Flacco always carried himself with class, even when operating with a revolving door of offensive coordinators and when presented with a patchwork group of underwhelming receivers year after year. As his time in Baltimore wound down, he handled the succession to Lamar Jackson with predictable grace.

The debate about the elite-ness of Flacco has raged for years and will never go away. But neither will the ‘Mile High Miracle’ and a playoff run for the ages, which anchors him in this city forever.

Mark Viviano, WJZ

Whether he was “elite” or not, for Baltimore Joe Flacco was a savior. For the first 12 years of the Ravens’ existence, the team was Ray Lewis, defense and a revolving door of quarterbacks. Drafting Kyle Boller in the first round in 2003 was supposed to deliver the franchise QB to end the frustration over that position. Boller only made it worse.

They finally got it right with Flacco, and it paid off immediately. The Ravens won more playoff games Flacco’s rookie season than the previous seven years combined. Not only did Flacco win, he was “Joe Cool” — quiet, workmanlike, no frills. Baltimore fans could relate, and they’d waited for just this kind of QB. (It didn’t hurt that his New Jersey accent sounded a little like Baltimore, too.) Flacco’s performance in the 2012 playoffs is forever part of Baltimore legend. Flacco peaked in 2014, then the love for him waned. He leaves an overall legacy that Baltimore, in time, will hold up as “elite.”

Evan Washburn, CBS Sports
Former Comcast SportsNet Ravens Reporter (as told to Glenn Clark)

I think that he gave this city, this football city a chance to have a guy — and by a guy, I mean a legitimately, you can use the word star. I mean, you made elite famous. But I would say in moments, a star and relevant quarterback for the first time really in their organization’s history as I understand it. I mean, you’ve got Vinny [Testaverde] on the back end there, sort of. Maybe I was too young to understand that one. And then Trent [Dilfer] we know kind of managed that group. And then the [Elvis] Grbac debacle. It was the first time I felt — and this was when I was still sort of a fan — that this city and this football fan base got a guy that they could go, when they go out and see their family in Kansas at a reunion and be like, “Yeah, Joe Flacco’s our quarterback.” I thought a lot of the time that was something that could hold up. Now, what frustrated fans is that they could go to that same reunion two months later or the next year and they’d get belittled for it because Joe would have one of his stretches. So I don’t know. Hopefully that makes sense. He kind of checked a box that this city and this organization needed in the sense that, “Yeah, we’ve got a quarterback that other teams think is good.”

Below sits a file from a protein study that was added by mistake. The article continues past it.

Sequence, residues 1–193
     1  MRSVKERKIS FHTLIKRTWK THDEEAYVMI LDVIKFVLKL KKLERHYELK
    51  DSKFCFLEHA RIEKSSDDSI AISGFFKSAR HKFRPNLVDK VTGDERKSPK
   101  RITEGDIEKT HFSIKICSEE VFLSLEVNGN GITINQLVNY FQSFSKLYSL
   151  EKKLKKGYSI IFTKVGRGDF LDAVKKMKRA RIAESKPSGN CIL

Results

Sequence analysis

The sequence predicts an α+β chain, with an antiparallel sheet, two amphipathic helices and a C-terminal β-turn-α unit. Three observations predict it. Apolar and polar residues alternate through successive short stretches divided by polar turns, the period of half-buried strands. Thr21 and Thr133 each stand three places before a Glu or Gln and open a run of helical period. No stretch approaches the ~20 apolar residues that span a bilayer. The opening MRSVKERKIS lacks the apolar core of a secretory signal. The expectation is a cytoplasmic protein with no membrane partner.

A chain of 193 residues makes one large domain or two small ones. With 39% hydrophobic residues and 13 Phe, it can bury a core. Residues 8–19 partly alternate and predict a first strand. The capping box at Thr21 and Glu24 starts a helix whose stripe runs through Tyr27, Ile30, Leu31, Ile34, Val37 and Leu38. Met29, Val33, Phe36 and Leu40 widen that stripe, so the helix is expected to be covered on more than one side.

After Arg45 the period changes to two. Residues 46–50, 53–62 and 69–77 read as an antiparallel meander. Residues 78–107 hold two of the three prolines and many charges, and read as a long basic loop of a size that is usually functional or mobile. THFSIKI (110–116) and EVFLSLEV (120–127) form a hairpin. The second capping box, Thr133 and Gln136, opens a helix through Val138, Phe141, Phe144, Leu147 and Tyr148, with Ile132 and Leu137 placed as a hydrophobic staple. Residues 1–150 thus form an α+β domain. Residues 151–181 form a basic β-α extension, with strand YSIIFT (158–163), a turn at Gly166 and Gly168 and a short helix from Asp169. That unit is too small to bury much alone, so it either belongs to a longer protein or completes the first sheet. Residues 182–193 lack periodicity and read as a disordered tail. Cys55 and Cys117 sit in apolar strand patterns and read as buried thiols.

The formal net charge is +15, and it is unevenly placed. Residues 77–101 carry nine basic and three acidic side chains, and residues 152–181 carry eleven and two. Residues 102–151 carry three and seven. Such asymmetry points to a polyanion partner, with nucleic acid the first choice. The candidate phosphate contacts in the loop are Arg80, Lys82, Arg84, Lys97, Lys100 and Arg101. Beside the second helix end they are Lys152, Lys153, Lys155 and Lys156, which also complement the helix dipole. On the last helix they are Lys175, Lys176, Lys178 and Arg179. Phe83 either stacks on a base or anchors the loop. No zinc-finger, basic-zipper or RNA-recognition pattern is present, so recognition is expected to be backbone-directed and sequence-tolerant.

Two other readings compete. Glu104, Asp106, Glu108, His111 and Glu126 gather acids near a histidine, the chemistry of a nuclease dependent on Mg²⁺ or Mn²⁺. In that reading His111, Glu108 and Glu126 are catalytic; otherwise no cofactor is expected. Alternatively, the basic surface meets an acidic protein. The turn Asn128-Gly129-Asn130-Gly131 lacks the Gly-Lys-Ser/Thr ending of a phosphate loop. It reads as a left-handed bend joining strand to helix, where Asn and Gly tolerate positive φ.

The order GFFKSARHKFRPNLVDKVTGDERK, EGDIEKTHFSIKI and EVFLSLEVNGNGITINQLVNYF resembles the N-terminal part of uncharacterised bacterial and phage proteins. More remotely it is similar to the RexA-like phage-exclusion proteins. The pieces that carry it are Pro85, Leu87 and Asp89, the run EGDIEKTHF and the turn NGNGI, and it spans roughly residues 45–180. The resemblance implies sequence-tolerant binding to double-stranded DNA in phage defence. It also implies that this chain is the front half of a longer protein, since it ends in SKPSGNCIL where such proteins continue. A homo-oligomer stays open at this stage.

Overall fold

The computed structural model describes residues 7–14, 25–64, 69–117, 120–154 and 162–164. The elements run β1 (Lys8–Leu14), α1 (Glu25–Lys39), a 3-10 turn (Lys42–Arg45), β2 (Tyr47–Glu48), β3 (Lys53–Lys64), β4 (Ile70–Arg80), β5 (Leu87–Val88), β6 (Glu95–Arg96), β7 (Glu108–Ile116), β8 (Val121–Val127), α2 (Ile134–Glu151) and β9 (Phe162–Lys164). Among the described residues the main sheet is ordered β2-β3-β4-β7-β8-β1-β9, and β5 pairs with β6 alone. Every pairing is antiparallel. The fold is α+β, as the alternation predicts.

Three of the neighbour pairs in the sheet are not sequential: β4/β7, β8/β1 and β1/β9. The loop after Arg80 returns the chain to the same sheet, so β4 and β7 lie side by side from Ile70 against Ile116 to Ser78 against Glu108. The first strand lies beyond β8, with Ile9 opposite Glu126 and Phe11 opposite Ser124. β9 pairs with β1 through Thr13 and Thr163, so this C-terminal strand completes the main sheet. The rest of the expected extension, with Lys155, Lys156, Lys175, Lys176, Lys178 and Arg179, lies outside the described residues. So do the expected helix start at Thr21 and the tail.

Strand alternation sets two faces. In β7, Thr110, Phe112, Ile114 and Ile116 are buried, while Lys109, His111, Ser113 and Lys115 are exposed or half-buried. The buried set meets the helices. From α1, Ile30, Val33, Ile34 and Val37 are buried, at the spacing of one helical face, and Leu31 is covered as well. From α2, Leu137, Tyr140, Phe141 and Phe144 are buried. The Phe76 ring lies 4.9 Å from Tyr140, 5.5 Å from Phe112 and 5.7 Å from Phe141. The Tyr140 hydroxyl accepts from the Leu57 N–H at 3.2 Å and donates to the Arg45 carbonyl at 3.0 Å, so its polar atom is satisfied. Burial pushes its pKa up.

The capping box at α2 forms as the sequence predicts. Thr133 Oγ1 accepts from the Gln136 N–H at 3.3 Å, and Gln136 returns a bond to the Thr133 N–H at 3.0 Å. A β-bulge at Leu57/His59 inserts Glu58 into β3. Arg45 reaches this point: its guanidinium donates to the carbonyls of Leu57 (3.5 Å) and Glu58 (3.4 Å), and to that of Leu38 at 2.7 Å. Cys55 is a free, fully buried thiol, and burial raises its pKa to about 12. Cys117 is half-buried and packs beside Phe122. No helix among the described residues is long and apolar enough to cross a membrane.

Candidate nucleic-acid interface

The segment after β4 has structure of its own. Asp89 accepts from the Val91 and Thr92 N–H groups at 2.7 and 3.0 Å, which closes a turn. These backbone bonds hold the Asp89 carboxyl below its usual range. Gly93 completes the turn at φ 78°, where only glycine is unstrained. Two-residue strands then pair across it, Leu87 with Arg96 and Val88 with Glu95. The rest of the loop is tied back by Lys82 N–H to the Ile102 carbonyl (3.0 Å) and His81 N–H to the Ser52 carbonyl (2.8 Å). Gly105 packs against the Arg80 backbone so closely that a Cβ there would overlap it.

Aaron Wilson, Houston Chronicle
Former Baltimore Sun Ravens Beat Reporter

Soon-to-be former Ravens quarterback Joe Flacco left a rich legacy in Baltimore. Flacco won a Super Bowl behind a historic playoff run of accurate throws and reliance on a proven target, his friend, tight end Dennis Pitta. On the field, Flacco had a stoic personality and a ton of poise. The New Jersey native also had a dry sense of humor and easy-going personality that served him well in the community, locker room and huddle. Flacco relied on his arm strength, solid mobility and classic throwing motion. He had a bad tendency to throw off his back foot at times when his fundamentals lapsed. I believe it was simply time for Flacco and the Ravens to part ways and make room for a different style of quarterback in Lamar Jackson. Flacco can still have a positive second act and a fresh start as a starter in another NFL city. Flacco will leave Baltimore with his pride and body intact. Not every NFL quarterback gets to say that.